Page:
I think so, yeah. I mean for the Kickstarter we had to fight really hard. Very hard; we’re not going to be doing that again within the near future as it kills you.

I take it from that that it was hard work going through the process?

Not only that but it’s hard work before the Kickstarter goes public as you have to create game designs and have to negotiate licenses. Then when you engage with the community they’re asking for all this other stuff that you didn’t think about. We spent a lot of time on our website with forums and such like but nobody was using the forums, so all the effort that went into that was basically lost.

We should have done a small slice of a demo instead and during the Kickstarter we had to actually produce one on top of everything. Boy, that was tough. We made a still diorama scene in Unity so you could move around and see what everything looked like.

To give them a taster?

Yeah, that was what we came up with in such a short time frame. We couldn’t do any game mechanics in that time so what we ended up doing in this little 3D diorama scene shows a firefight in the art style that we thought could be really cool. We’re taking a realistic approach but tweaking the colour scheme to be more vivid to give it a cool visual style instead of going AAA photorealistic… kinda boring.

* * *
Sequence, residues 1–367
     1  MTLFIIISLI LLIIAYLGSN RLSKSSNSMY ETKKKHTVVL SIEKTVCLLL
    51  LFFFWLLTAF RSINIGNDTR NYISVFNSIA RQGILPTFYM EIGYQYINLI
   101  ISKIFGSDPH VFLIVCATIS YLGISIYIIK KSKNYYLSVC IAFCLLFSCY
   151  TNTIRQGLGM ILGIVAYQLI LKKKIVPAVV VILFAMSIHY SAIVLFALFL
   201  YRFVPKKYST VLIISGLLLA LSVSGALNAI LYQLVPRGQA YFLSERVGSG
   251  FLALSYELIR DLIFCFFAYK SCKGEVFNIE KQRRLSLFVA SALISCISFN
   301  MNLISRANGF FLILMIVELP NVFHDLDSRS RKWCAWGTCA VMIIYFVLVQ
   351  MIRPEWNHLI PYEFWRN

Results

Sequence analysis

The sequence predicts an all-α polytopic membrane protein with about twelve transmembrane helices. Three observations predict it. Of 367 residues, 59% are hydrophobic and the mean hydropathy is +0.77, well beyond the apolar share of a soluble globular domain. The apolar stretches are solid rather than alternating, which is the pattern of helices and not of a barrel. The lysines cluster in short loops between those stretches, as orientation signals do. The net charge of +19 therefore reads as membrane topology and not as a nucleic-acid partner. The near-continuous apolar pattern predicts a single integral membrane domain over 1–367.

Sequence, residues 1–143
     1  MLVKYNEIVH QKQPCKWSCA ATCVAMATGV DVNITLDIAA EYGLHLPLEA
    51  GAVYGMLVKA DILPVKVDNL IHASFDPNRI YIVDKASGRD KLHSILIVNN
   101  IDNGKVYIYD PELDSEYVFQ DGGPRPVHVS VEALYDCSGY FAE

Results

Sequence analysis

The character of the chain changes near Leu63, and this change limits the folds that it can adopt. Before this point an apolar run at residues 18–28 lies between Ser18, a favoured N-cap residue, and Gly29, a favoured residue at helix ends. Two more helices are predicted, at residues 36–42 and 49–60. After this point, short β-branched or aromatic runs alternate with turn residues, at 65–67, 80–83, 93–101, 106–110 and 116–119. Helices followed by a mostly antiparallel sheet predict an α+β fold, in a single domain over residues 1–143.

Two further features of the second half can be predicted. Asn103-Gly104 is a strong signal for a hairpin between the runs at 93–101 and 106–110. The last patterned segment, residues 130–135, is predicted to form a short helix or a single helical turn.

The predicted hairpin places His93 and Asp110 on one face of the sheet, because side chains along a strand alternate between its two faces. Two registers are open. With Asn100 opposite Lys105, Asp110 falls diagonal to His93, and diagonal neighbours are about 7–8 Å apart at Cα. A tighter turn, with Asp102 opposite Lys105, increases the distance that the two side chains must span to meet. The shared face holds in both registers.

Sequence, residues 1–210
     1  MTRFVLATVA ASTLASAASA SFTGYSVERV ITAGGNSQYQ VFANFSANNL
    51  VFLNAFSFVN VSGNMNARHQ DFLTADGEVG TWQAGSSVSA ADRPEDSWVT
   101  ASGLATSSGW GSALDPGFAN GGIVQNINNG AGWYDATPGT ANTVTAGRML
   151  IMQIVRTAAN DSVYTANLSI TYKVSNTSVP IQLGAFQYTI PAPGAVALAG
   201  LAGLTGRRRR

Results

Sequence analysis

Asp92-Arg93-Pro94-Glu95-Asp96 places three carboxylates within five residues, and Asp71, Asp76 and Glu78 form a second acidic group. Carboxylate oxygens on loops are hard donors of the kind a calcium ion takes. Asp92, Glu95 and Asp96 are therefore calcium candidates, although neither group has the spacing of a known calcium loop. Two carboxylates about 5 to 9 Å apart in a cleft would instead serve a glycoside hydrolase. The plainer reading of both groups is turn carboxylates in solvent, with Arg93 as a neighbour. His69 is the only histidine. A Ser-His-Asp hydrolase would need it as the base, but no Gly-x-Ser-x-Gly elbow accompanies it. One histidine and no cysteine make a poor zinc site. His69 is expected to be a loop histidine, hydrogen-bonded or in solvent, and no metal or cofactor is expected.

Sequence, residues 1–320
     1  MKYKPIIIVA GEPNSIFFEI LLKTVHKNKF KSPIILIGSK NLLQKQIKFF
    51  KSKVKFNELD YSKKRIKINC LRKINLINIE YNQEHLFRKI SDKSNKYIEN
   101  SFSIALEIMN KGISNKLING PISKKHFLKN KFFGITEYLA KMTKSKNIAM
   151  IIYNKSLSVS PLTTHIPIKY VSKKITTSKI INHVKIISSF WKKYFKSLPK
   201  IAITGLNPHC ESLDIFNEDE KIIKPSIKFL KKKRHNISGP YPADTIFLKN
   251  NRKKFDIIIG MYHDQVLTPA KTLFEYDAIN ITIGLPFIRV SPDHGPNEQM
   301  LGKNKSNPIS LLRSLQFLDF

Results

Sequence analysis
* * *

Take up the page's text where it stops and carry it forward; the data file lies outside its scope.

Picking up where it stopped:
Did I say that?

We did it in about two-and-a-half weeks; we made all the models, all the textures and got it running. And we should have done this from day one instead of the website but you don’t know that until you’re sitting in the middle of the campaign with people screaming “what’s it going to look like!?”


I guess you can sit and think of everything but there’s always going to be one more question

Yes, oh yes. I guess we didn’t know that the Jagged Alliance crowd was going to be so serious and if you look at other Kickstarters ours has 13,000 comments and with the same amount of backers they have about 400. Maybe because they have a much clearer product, but hey. If you come with a concept then people are going to be asking a lot of questions, especially with a game that they feel they have been burnt with earlier and where there is a lot of specific detail. Some guys want ammo to count in the weight, someone wanted you to sleep and drink and eat and that that should be a part of the game, other players are not as hardcore. I don’t want to go that hardcore. Though someone did send me a full six pages saying what they wanted me to do with this game.